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Office 2007 Bible by Lisa A. Bucki, Gavin Powell, Michael R. Irwin, Peter G. Aitken, Michael R. Groh, Cary N. Prague, Faithe Wempen, Herb Tyson, John Walkenbach

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Styles and Character/Font Formatting

A few Word versions ago, possibly while many users weren’t watching, Microsoft added to Word a new type of style. Before that, there was just one type of style—the paragraph style—and styles could be applied only to a whole paragraph. It soon became clear, however that a more flexible, sophisticated style was needed—one that could be applied to characters within a paragraph.

The character style was born. Using this new invention, it was suddenly possible to create styles for formatting book titles, article titles, names, phone numbers, Internet links—you name it.

Later in this book (Chapter 7) you’ll find an entire chapter on styles, but to understand character formatting, there’s a little you need to know at the outset, so please bear with me for another couple of paragraphs.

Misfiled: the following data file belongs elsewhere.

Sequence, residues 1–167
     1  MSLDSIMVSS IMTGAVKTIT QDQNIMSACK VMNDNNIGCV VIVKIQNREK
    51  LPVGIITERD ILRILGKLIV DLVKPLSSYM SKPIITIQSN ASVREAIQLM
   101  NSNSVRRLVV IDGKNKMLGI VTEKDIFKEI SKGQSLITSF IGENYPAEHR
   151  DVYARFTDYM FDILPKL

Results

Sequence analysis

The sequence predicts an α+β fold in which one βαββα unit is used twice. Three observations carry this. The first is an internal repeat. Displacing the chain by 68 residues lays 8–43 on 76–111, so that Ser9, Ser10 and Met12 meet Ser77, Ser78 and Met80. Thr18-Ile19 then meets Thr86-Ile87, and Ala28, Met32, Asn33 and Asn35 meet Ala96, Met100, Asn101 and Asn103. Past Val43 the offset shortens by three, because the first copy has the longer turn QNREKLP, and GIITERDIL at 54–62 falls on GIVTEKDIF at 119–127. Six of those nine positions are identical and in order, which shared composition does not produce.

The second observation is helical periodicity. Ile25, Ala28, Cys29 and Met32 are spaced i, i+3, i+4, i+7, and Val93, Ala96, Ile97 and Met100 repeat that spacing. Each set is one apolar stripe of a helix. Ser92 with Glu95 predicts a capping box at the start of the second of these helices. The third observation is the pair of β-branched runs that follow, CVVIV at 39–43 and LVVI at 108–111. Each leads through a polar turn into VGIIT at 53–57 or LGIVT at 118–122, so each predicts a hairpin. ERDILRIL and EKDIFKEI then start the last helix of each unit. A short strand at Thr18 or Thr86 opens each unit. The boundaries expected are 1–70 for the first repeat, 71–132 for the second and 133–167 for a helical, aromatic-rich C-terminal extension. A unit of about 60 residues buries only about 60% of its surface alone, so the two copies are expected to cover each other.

Even if you yourself never apply a style using Word’s vast array of formatting tools, two styles are always in effect: a paragraph style and a character style. To demonstrate this, display the Style Inspector by clicking the Styles Dialog Box Launcher at the bottom-right corner of the Styles group. Then, click the middle icon at the bottom of the Styles task pane to display the Style Inspector, shown in Figure 5-2. You can dismiss the Styles pane if it’s distracting.

Figure 5-2. Use the Style Inspector when you want to fully examine the styles and direct formatting in use (direct formatting is identified by Plus in the Style Inspector).

Here, the two styles applied ...

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